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OTTAWA (Reuters) - Fewer Canadians returned to work in March than expected but the three-month hiring trend was the strongest since the financial crisis intensified in the autumn of 2008, suggesting the recovery is entrenched.
In the first disappointing employment report since December, the economy added 17,900 net jobs in March, following gains of 20,900 in February and 43,000 in January, according to Statistics Canada on Friday.
Analysts surveyed by Reuters had forecast a gain of 25,000 positions.
The modest employment gains takes some pressure off the Bank of Canada to raise interest rates and brought markets back to earth after speculation of a hike as early as June.
The Canadian dollar fell as low as C$1.0084, or 99.17 U.S. cents after the report, before partially retracing its steps. It was near parity with the U.S. dollar just before the data.
But economists said that while the gains were below estimates, the three-month average employment growth was the best in two years and reflects a steady economic recovery.
"It wasn't a barn burner report. There were certainly some who were looking for a stronger number based on the absence of stormy weather in Canada in March but it doesn't dramatically alter the fundamentals for the currency," said Avery Shenfeld, chief economist at CIBC World Markets.
Since the labor market began recovering last July, 176,000 people have found work, but that is less than half the number who lost their jobs in the nine months prior to July.
The employment data may give the Bank of Canada more flexibility as it ponders when to withdraw extraordinary stimulus measures from the economy. The bank has signaled it won't raise its benchmark interest rate from a record low of 0.25 percent before July, unless inflation becomes a threat.
With inflation already hovering near the bank's 2 percent target and stronger than expected data pointing to a second straight quarter of 5 percent annualized growth, markets had begun to price in a chance of monetary tightening in June.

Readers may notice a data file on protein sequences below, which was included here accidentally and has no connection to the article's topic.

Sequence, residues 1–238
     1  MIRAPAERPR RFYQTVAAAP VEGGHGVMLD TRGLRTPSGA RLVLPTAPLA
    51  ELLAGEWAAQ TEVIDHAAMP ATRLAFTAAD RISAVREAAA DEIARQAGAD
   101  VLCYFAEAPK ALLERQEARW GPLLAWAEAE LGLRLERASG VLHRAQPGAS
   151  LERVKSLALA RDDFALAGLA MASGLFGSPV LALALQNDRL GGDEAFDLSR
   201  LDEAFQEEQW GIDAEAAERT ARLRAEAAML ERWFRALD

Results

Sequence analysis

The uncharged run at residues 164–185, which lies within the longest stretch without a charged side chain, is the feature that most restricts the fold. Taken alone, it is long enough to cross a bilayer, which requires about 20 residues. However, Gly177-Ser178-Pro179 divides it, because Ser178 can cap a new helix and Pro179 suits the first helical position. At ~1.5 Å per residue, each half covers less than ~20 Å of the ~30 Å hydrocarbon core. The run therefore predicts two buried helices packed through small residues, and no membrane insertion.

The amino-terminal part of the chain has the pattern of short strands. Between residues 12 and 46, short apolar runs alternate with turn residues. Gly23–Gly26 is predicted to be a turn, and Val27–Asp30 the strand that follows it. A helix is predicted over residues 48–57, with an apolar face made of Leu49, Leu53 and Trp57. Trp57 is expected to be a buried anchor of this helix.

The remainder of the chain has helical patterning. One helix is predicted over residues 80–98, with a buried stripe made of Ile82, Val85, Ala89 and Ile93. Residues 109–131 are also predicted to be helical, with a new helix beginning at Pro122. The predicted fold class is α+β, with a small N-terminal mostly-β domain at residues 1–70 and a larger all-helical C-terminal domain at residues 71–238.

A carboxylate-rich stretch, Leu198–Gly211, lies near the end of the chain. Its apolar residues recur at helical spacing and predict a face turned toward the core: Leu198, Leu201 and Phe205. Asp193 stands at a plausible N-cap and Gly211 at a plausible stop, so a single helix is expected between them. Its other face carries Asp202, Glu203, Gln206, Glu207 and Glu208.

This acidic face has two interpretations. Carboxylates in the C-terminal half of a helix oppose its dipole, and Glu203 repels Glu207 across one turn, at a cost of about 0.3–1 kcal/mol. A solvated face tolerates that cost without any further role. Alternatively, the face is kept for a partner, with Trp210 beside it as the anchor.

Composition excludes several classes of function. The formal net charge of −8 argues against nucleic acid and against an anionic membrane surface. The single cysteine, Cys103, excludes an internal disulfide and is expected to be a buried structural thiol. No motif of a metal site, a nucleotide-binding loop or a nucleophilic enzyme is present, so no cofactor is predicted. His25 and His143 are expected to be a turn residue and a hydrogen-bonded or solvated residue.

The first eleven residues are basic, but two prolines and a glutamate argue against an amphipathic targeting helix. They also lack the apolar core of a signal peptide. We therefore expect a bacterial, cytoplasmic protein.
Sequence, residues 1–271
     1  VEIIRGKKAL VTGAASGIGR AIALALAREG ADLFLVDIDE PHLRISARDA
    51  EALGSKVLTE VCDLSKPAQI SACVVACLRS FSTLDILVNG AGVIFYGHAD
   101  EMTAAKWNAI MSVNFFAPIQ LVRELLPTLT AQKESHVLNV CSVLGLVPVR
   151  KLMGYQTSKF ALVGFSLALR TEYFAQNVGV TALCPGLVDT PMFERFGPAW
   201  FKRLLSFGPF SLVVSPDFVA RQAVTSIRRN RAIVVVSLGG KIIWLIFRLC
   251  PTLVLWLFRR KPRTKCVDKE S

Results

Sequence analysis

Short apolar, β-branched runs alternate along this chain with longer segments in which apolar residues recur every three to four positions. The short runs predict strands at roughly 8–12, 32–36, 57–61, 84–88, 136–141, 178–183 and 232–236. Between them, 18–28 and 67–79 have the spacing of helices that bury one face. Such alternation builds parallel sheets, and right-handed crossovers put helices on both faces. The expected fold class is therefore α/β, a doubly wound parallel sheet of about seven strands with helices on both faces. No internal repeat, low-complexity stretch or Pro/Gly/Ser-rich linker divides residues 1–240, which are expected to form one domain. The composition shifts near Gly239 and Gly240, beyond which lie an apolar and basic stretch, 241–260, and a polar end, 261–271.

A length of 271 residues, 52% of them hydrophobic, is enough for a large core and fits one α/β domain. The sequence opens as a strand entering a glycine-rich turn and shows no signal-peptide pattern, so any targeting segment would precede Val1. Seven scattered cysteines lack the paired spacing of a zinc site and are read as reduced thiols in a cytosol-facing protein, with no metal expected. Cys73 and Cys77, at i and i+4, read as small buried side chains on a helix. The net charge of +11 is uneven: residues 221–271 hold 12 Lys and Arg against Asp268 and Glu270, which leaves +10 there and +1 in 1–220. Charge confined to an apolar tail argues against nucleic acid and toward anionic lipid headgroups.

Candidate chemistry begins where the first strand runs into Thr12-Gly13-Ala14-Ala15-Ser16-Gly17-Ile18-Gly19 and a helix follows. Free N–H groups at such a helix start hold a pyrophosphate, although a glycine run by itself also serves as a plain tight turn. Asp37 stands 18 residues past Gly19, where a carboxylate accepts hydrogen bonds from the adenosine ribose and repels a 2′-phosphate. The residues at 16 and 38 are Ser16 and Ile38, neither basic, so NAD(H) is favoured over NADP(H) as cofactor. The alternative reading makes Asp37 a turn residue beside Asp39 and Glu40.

But most analysts believe the bank will keep its pledge to hold rates at least until the end of the second quarter.
"For the Bank of Canada, the view is still that the economy is growing a little faster than expected," said Sal Guatieri, senior economist at BMO Capital Markets.
"Core inflation is coming in a little higher than anticipated, which raises the risk of the bank moving a little sooner rather than later on interest rates, but we still think they're on track to begin tightening in July," Guatieri said.
However, Scotia Capital changed its forecast on Friday and now expects the central bank to hike rates by 25 basis points on June 1 and by a cumulative 275 points by the third quarter of 2011. It sees the bank overshooting its inflation target throughout the remainder of this year and next year.
Yields on overnight index swaps, which trade based on expectations for the central bank's key policy rate, edged lower after the jobs data, suggesting the market sees rate hikes as slightly less likely.
Markets see rates rising in July and reaching 1.25 percent by December.
Wage inflation, based on the average wage of permanent employees, was 2.5 percent in March year-on-year, unchanged from February.
The employment gains in March were credited to the creation of part-time employment, which offset a decline in full-time positions. However, in a positive sign of economic recovery, the private sector did most of the hiring as public sector hiring waned.
The goods-producing industries overall added 39,800 jobs, and the services sector shed 21,900 jobs.
Employment grew most in professional, scientific and technical services. Construction, likely as a result of government stimulus money for infrastructure projects, and natural resources were the other biggest contributors.
Additional reporting by Scott Anderson and Claire Sibonney; editing by Rob Wilson